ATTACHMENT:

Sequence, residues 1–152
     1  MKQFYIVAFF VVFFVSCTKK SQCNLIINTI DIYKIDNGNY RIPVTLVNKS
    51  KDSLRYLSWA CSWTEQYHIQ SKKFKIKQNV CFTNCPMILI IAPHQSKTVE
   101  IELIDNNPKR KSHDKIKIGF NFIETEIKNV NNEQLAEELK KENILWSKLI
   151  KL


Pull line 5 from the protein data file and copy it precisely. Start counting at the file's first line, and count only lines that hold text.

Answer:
   151  KL